To Work and to Love by Dorothee Soelle and Shirley A. Cloyes

I am in the middle of reading Shiley Cloyes' and Dorothee Soelle's book To Work and to Love: a theology of creation. Much of the book right now serves as a pretty strong criticism of Capitalism which borders on communism at some points. There are major issues I have with some of her biblical interpretation, although I understand why she's seeing things the way she is, but nevertheless I am inclined to forgive the disagreements because the things I do agree with are so profound and helpful. I guess if my opinion changes by the time I am finished I will let you know but so far I would recommend this book. Here are some quotes:
"A genuine affirmation of God's good creation encompasses more than a tourist's perspective. To love God's good earth is to know about the hunger and exploitation of those who share the earth with us. Idealistic spirituality is blind not only to bodily reality but even more so to social reality. Affirmations of beauty lack truth if they exclude the vast majority of our brothers and sisters. They are false praises, mere abstractions that are isolated from reality" (page 32).
"If we are serious about acting as co-creators with God to fashion a more just world, then we must eliminate the evil of alienated labor. If we are serious about reflecting on work in a theological way, then we have to treat work as part of our being created in the image of God. And if we are earnest about this endeavor, then we have to de-ideologize from one of the most prevailing ideologies of our time, which is that work means paid work... As we cleave to this ideology, we impoverish the meaning of work. We reduce it to a commodity, something devoid of meaning apart from the marketplace" (page 60).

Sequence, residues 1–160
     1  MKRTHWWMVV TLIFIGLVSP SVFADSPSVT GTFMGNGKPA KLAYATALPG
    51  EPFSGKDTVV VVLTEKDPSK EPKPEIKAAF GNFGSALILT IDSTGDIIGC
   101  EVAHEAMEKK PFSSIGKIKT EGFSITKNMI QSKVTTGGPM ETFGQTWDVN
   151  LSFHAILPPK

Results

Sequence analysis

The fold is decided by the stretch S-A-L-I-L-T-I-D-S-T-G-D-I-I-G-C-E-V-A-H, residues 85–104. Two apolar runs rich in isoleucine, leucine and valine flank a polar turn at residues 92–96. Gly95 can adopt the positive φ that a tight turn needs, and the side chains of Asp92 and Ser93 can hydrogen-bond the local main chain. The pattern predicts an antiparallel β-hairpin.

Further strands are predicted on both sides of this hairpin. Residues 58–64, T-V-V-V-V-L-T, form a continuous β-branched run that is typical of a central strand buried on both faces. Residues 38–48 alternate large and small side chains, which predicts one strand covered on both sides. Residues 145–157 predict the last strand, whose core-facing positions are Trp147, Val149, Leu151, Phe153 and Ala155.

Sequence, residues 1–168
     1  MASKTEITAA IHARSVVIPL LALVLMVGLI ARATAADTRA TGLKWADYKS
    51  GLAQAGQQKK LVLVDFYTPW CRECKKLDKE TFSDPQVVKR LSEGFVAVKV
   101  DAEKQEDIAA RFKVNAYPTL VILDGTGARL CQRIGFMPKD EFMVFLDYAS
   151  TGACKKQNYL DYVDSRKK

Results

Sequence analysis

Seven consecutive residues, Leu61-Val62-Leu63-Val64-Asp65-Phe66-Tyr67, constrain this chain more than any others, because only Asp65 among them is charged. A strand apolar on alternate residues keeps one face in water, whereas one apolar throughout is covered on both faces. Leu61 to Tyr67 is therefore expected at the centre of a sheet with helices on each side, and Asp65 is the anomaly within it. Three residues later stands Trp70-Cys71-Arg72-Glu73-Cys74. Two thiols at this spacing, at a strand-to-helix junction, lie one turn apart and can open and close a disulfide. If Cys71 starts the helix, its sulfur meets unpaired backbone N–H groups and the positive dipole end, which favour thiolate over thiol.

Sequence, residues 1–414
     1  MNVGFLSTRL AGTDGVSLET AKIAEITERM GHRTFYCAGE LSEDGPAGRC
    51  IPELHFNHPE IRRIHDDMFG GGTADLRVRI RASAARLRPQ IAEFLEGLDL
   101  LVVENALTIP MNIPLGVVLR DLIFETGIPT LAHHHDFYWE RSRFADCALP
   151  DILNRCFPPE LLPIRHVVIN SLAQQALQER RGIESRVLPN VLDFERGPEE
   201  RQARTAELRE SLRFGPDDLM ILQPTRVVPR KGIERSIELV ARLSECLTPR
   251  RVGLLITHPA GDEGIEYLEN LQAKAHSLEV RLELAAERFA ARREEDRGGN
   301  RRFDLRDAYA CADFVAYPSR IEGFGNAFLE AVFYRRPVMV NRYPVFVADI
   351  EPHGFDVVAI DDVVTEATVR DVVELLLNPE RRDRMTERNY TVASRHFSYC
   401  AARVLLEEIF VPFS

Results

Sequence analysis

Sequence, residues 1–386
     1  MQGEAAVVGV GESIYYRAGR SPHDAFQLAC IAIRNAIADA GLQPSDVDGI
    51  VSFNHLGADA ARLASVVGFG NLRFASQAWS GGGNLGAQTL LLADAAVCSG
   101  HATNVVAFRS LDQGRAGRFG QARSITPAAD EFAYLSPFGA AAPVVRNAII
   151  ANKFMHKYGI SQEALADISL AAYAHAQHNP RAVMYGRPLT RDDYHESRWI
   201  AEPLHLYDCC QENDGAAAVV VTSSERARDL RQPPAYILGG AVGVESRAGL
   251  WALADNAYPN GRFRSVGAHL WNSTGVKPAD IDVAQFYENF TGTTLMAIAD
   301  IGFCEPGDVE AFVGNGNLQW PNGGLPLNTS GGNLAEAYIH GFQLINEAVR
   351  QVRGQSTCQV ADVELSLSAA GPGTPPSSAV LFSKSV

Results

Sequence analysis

"Sin is the state of alienation of the worker from his work, from his fellow humans, and from humanity's historical project... Speaking of alienation as a modern term for sin is not an attempt to wash ourselves of guilt but to reconceive the interrelation between guilt and fate as they operate in human sin" (page 71).
"'There's nothing we can do about it' is a customary response to, for example, the preparation for nuclear annihilation. It is the response of the nonbeliever. It is the response of the spiritually dead person... the voice of practical atheism" (page 72)
"The image of the vineyard in the Song of Solomon stands for erotic pleasure and lovemaking. This image also functions in the Bible as a symbol of peace in the abiding relationship between Israel and their God (Isa. 5:1) and as a symbol of economic justice, looking to the time when planters shall enjoy the fruit of the vine and the oppressors shall be driven away (Jer. 31:5, Isa. 27:2;55:1). There are actually three dimensions to this image, which provide us with a humanizing, liberating theology of work. The three dimensions are self-expression, contribution to or relatedness to society, and reconciliation with nature through work. To be created in God's image means growing into these most fundamental dimensions of human existence. It means becoming co-creators through work and love" (page 81).